Russian scientists have found that neoadjuvant chemotherapy in patients with breast cancer can stimulate evolution of the tumor. The results of the research conducted by Nicholay Litvyakov, D.Sc. at Cancer Research Institute, Head of the Tumor Virology Laboratory, and TSU researcher Marina Ibragimova, were published in Siberian Journal of Oncology.
Scientists conducted a study in which they analyzed biopsies of breast cancer patients preparing for operation. In each biopsy, researchers examined the genetic landscape for chromosomal abnormalities.
Before the operation, the women received two to four courses of neoadjuvant chemotherapy (NAC). Repeated analyses were taken after surgery to see the therapy effect on the tumor.
TSU scientists have found that chemotherapy fully or partially destroyed the tumor clones in the majority of patients, but 23 percent of women surveyed showed new tumor formation under the influence of NHT. Some chromosomes or partial chromosomes doubled in these clones, and the tumor cells became more resistant. This phenomenon is called amplification, and is a negative consequence of chemotherapy—almost all of these patients developed metastases, while the remaining patients had no metastases in the five-year period of observation.
The researchers concluded that under the influence of chemotherapy, it is possible to stimulate the evolution of a resistant tumor that does not respond to the effects of chemotherapy.
"We have preliminary results indicating that chemotherapy may cause the appearance of mutations which had not been observed before in the form of amplifications of chromosomal regions. In some cases it was a reason for occurrence of hematogenous metastasis," says Ibragimova. "We should find out the causes and methods for anticipating tumor development. Thus there is no doubt that chemotherapy shall have strictly personalized character, depending on the properties of tumor and patient."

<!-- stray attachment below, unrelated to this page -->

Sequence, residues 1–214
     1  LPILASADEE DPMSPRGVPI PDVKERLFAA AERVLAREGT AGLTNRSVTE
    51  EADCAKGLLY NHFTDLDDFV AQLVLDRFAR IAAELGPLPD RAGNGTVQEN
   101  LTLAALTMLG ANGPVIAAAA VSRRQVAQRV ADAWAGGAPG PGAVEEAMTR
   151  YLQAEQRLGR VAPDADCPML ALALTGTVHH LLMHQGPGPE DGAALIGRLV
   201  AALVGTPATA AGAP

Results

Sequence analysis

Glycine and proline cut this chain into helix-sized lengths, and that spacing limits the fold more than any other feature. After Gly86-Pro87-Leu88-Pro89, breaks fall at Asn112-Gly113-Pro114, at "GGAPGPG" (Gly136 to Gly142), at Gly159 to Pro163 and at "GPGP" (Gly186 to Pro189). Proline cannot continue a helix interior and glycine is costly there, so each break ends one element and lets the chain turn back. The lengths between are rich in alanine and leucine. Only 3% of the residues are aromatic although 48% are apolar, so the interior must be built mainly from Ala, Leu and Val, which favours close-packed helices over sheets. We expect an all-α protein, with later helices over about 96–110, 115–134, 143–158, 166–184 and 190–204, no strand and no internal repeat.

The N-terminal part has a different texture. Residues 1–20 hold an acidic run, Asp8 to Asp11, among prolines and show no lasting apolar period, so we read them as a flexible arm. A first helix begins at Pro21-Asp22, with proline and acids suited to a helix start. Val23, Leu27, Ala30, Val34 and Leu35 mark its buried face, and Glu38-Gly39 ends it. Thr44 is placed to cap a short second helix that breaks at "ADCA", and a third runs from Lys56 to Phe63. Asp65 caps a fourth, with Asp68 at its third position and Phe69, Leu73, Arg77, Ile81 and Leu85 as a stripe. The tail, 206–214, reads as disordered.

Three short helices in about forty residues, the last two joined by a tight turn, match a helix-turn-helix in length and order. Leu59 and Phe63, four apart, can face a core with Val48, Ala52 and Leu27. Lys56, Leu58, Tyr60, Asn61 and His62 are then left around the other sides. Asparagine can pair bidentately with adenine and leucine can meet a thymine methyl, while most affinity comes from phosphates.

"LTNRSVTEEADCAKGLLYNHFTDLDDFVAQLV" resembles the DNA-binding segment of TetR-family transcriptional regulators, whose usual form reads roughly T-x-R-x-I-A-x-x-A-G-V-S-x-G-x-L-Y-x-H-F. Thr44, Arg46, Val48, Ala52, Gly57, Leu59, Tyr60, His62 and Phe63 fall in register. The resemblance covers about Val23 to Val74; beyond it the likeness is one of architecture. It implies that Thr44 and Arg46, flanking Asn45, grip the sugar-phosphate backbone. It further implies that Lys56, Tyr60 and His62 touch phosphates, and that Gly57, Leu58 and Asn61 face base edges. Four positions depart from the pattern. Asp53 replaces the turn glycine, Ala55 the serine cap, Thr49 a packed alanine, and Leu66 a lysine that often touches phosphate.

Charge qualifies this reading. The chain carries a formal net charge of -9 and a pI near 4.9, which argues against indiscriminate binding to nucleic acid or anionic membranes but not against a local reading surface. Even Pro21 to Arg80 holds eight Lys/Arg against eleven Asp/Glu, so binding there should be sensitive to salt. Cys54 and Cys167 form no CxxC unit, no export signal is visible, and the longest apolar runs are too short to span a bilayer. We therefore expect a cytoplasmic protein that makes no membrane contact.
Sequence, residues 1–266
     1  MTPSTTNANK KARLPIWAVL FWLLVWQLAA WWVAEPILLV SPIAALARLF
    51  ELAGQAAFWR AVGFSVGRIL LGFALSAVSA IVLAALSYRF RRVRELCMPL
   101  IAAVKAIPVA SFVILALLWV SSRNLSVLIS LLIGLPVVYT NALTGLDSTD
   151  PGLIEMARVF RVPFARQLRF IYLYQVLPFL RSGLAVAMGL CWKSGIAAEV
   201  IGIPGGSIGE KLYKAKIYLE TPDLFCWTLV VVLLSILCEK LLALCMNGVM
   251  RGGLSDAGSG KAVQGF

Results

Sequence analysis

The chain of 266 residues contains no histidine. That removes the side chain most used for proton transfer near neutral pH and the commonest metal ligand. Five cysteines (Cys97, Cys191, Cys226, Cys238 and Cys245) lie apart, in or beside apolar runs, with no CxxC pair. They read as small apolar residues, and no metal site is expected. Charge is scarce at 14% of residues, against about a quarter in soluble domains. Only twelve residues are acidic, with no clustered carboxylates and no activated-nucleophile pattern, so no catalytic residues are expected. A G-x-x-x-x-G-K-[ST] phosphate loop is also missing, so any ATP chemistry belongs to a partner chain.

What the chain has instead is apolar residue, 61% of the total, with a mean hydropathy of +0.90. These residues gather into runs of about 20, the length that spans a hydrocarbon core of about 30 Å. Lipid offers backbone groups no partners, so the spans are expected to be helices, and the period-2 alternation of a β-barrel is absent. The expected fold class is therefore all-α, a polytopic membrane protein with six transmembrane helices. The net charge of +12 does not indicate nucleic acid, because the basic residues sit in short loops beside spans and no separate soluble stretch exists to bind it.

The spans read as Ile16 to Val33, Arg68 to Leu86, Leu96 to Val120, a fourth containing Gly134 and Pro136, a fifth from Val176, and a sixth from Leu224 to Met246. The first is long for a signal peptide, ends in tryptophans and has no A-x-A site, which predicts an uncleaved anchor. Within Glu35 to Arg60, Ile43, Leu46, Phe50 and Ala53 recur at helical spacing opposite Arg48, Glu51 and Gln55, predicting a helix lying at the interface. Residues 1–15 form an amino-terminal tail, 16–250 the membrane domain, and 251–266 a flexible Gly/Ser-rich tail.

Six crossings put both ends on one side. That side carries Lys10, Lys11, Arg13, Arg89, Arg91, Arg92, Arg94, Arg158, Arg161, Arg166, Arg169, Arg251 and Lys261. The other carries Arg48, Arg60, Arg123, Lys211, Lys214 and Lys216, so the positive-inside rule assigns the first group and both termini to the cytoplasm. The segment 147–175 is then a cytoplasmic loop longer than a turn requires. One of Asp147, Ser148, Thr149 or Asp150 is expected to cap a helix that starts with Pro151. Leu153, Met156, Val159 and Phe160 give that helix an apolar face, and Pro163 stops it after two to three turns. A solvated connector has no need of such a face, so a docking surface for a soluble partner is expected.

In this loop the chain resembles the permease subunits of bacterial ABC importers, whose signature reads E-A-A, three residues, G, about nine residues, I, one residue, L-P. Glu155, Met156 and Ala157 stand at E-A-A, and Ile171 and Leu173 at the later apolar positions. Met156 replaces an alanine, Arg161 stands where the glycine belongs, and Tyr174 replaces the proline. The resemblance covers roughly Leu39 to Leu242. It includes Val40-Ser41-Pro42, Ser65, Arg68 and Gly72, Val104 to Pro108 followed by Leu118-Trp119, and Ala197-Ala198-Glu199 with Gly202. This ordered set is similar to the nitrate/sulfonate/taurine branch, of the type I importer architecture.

Most chemotherapy drugs are inherently mutagens; chemotherapy may cause genetic disorders in tumor cells. These genetic disorders may lead to illumination or change of tumor cells. Thus, we can observe the occurrence of "clones" of the tumor cells, which are able to cope with the chemotherapy. The researchers are attempting to discover in which cases the tumor may develop under effect of chemotherapy, and how such changes occur.
"That is very interesting observation," says Ibragimova. "Now, we are extending our samples in order to check these observations. If we succeed we would create a technology allowing to predict development of tumor in a specific patient and to define whether this patient needs chemotherapy and which medicines should be prescribed."
The results will help to personalize the treatment process for women with breast cancer. For now, chemotherapy is one of the main tumor treatment instruments for oncologists. Reporting on this topic was held at the plenary session of the 19th Russian Cancer Congress.
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